A critical view of the Neuen Wilden
Back / Zurück
Sept. 27, 2003 - Jan. 4, 2004
Opening: Sept. 26, 2003, 5 p.m.
At the beginning of the 1980s, having apparently been all but ousted by minimal and concept art,
painting once again blossomed, with great passion but only for a short time. In Berlin, Cologne
and Hamburg, young artists joined forces as the Neue Wilde, rebelling against what
Georg Baselitz, Anselm Kiefer, Sigmar Polke and Gerhard Richter had been producing.
Their radically subjective focus gave birth to highly expressive paintings with a powerful
use of color. Within just a few months their large canvases had taken art markets by storm and
already found homes in renowned collections. Nonetheless then, as now, this form of
"zestful painting" polarized the art world. And because to date no conclusive view
on this artistic trend has been forthcoming, the Museum für Neue Kunst intends to subject
the paintings to closer examination and throw them open for discussion in the context of
a panoramic exhibition. On the basis of over 40 prominent works from the
as well as loans from other collections and museums, the exhibition
aims to address the goals and the visions of those young artists who as early as the beginning
of the 1980s focused their attention so vehemently on the medium of painting.
© VG Bild-Kunst, Bonn 2003
At the end of the 1970s a return to figurative painting was gradually emerging in the work of
the Berlin painters Rainer Fetting, Helmut Middendorf, Salomé (Wolfgang Cihlarz) and
Bernd Zimmer. Their burlesque, ecstatic imagery are a demonstration of the increasingly
subjective nature of painting, which, while apparently following in the footsteps of German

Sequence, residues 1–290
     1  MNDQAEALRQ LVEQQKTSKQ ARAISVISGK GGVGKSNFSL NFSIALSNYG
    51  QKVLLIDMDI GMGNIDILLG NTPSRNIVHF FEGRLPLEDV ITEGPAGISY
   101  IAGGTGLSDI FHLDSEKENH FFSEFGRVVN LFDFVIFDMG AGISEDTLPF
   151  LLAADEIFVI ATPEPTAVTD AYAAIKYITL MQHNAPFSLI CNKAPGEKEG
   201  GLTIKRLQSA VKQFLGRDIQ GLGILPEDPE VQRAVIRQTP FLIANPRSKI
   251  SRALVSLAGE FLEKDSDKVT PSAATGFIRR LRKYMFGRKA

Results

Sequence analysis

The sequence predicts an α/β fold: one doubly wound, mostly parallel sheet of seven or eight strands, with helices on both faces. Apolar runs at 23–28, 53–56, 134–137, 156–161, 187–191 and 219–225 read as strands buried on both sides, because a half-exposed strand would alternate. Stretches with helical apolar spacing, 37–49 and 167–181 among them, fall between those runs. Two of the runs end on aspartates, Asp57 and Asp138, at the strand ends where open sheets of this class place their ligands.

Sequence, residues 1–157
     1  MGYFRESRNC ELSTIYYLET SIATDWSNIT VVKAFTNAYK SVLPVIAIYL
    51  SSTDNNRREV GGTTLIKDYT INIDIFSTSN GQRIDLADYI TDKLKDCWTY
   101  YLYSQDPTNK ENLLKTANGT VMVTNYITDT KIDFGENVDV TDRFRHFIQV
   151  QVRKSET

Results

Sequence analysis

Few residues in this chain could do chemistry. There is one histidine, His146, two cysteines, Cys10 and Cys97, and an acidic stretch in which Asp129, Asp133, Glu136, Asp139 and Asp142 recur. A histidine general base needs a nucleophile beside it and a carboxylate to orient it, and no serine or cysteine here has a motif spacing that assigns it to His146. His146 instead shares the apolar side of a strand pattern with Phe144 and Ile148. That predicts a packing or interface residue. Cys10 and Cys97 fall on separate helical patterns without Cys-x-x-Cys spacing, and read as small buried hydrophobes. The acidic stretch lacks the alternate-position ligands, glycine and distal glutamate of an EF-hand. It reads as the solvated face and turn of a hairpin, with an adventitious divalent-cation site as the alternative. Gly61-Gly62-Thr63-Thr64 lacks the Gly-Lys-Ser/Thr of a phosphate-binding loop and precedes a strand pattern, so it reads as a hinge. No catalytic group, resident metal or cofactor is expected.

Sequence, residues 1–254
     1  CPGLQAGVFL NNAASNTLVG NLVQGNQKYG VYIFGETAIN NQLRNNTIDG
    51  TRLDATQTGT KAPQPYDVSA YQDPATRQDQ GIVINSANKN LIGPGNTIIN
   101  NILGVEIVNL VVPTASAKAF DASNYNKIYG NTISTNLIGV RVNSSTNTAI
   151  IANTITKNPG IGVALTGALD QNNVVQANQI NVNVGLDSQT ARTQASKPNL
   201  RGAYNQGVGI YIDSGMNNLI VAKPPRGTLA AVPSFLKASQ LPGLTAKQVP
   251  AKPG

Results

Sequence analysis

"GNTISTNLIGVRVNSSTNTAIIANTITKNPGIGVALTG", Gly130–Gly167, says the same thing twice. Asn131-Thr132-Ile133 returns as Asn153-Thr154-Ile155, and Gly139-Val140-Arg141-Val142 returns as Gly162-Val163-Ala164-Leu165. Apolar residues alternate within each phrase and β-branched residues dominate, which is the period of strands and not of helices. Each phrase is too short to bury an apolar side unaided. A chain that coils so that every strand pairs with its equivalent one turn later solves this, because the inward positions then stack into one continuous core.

Expressionism took the Berlin sub-culture, Punk and new wave music as its subject matter.
The works on display in the Museum für Neue Kunst show that in addition to Salomé and
Fetting's exhibitionist treatment of their own sexuality, classical themes, such as Zimmer's
landscapes once again became the focus of attention.
Eine Braut kehrt zurück (rechtzeitig), 1983
© VG Bild-Kunst, Bonn 2003
At the same time as the Neue Wilden in Berlin, Hans Peter Adamski, Peter Bömmels,
Walter Dahn, Jiří Georg Dokoupil, Gerard Kever and Gerhard Naschberger all
rented a joint studio in Cologne, and named it after the street in which it was located:
No. 110. In comparison with the pictures being produced in Berlin, these humorously ironical
pictures, which were influenced by the Italian Arte Cifra, have even less in common
stylistically. As such, the early joint pictures by Walter Dahn and Jiří Georg Dokoupil
demonstrate that Cologne Neo-Expressionism nurtured various individual styles at once and, what
is more, defied any compartmentalization.
Artists in Hamburg such as Werner Büttner, Martin Kippenberger and Albert Oehlen took a
different approach: there, not only the artist as a personality but also his views on the
standardized values of a bourgeois mindset were most important. At first sight their canvases
seemed almost amateurish, but in reality they consciously eschewed perfection, and their
frequently somber pictures were a form of revolt against the apathy resulting form the
affluence of the 1980s.
Moderne Kunst II, 1981
Courtesy Galerie Max Hetzler, Berlin
© Werner Büttner
In order to illustrate the differences between the individual groups, the 140 works on show
have been allocated to three sections, which correspond to the three regional centers.
These are grouped around a separate time tunnel, which runs through the exhibition diagonally
and highlights the different stages of established German painting.
A catalogue with articles by Diedrich Diederichsen, Jiří Georg Dokoupil,
Rainer Fetting, Ulrike Gehring, Ralph Melcher, Friedrich E. Rentschler, Stephan Schmidt-Wulffen
and Sabine Schwarz accompanies the exhibition, and is available for EUR 25.00.
Letzte Änderung: Mittwoch, 24. September 2003 um 13:17:42 Uhr
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